Starting Pitcher Notes: Rangers, Scherzer, Shields, Cardinals

The Rangers hope to add another starting pitcher, reports T.R. Sullivan of MLB.com. However, the club is out on “big-name free agents” and unlikely to trade for Phillies starter Cole Hamels. The rotation remains unsettled, with Nick Tepesch, Nick Martinez, and Lisalverto Bonilla currently expected to compete for the fifth starter’s role. Presently, Yu Darvish, Derek Holland, Ross Detwiler, and Colby Lewis are penciled in for jobs with Matt Harrison an unknown. Here’s more from the pitching marketplace.

  • Max Scherzer and James Shields are in uncharted territory, writes Benjamin Hoffman of the New York Times. Of the nine free agent pitchers who have signed nine-figure contracts, only Masahiro Tanaka agreed to terms after January 1st. Teams like to have a working idea of their roster and payroll at this point in the offseason, which is why these big deals are usually reached before the new year. Earlier tonight, we learned the Blue Jays are interested in Shields, and his price may have dropped below $100MM. Meanwhile, Scherzer and agent Scott Boras are trying to beat the $144MM extension offer Scherzer reportedly declined prior to last season.
  • Cardinals GM John Mozeliak is talking up the club’s pitching depth, reports Jenifer Langosch of MLB.com. That could mean the club will pass on Scherzer and Shields. The club has been loosely connected to Scherzer, but it seems as though Mozeliak is content to stand pat unless ownership intervenes. It may be worth noting that the Cardinals became Matt Holliday‘s eventual home after a similarly quiet spin through free agency.
  • Needless to say, the Cardinals are loathe to trade from their hoard of minor leaguers for Hamels. In my opinion, it makes sense for the club to gauge what they have in Carlos Martinez, Michael Wacha, Jaime Garcia, and Marco Gonzales before executing a blockbuster trade.

Blue Jays Interested In James Shields

The Blue Jays have begun to internally discuss free agent starter James Shieldsreports Ken Rosenthal of FOX Sports. As Shields’ expected price tag declines, it is anticipated that more clubs will get involved in the bidding. It was rumored over the last few weeks that he had a five-year, $110MM offer in hand. Either the deal never materialized or he did not want to sign with that team. Per Rosenthal, some executives now anticipate a four-year deal worth $70MM to $80MM.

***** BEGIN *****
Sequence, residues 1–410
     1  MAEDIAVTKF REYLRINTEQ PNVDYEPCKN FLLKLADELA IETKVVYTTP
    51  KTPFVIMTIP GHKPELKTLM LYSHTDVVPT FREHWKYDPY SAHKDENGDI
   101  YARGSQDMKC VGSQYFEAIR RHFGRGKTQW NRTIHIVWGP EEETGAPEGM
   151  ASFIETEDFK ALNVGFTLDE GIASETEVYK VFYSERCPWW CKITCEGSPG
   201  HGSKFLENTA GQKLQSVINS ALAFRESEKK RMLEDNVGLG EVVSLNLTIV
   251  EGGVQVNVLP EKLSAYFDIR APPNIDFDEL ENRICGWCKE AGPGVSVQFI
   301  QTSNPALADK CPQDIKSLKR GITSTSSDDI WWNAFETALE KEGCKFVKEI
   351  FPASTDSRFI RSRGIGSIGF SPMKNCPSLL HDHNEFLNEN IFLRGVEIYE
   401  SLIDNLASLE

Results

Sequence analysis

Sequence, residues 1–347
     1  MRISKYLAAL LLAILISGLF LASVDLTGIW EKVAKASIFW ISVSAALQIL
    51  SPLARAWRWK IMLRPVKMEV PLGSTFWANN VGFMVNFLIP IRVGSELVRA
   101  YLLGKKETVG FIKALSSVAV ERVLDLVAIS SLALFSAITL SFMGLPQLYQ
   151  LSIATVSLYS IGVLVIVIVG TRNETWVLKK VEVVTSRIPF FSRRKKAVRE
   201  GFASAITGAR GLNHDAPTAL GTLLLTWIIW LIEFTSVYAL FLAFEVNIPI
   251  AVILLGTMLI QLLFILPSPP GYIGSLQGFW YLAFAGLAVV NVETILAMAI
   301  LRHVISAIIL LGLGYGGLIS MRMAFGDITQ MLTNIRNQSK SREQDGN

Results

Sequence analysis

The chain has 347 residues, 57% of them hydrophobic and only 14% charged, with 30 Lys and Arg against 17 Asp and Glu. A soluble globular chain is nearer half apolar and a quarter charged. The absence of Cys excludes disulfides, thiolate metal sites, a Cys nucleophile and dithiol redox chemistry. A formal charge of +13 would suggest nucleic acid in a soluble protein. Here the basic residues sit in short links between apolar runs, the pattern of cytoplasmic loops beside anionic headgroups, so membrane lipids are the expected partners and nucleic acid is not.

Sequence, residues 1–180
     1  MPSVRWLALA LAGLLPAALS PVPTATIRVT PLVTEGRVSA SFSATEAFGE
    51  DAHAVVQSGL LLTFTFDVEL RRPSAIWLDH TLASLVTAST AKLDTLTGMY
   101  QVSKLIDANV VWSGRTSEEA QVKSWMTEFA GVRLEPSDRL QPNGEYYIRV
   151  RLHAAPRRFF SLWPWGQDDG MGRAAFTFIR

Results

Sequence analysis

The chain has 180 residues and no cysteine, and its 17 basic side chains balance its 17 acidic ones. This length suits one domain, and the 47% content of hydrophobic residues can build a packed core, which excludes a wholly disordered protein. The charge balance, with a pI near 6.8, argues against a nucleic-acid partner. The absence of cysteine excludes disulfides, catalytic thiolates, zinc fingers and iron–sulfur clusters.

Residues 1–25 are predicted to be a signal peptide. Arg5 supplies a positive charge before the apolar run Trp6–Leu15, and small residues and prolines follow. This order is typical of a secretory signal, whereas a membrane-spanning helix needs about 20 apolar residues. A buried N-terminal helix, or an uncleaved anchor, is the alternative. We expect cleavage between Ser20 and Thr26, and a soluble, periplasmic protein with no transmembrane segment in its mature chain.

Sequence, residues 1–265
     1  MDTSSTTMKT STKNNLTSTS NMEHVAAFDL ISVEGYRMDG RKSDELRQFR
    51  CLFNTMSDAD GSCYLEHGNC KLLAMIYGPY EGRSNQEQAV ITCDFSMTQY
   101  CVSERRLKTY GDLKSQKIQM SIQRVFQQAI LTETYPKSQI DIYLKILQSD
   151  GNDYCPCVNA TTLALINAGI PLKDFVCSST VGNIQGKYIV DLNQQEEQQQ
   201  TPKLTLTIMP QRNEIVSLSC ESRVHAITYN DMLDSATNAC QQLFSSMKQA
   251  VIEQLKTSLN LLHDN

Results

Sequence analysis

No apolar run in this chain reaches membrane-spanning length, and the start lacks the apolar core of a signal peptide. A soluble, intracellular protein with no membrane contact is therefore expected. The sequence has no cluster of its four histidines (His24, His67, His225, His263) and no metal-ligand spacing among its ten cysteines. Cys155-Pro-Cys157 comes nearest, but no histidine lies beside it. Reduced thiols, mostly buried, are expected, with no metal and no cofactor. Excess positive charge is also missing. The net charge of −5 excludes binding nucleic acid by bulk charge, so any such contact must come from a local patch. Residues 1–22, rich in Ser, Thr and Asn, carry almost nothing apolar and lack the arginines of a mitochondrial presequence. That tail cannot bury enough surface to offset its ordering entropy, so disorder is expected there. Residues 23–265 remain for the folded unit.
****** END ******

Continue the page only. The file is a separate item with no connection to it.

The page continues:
Toronto’s interest is in the nascent stages. Their internal dialogue has focused on finding a comfortable price point. The club is “digging” for additional information regarding Shields. They have yet to engage in negotiations with agent Page Odle.

The Blue Jays currently have about $130MM committed to the roster with perhaps as much as $7MM remaining to address the bullpen. If the club does pursue Shields, it will probably require ownership intervention and a backloaded contract similar to that of Russell Martin. However, if Shields were to headline the rotation, it could free prospect Aaron Sanchez for a high leverage bullpen role.

In my own opinion, an eight figure price point should put a lot of teams back in play. The Diamondbacks and Tigers are two franchises who have recently been tied to Shields. In addition to the Blue Jays, the Yankees and Red Sox strike me as obvious fits at the revised price.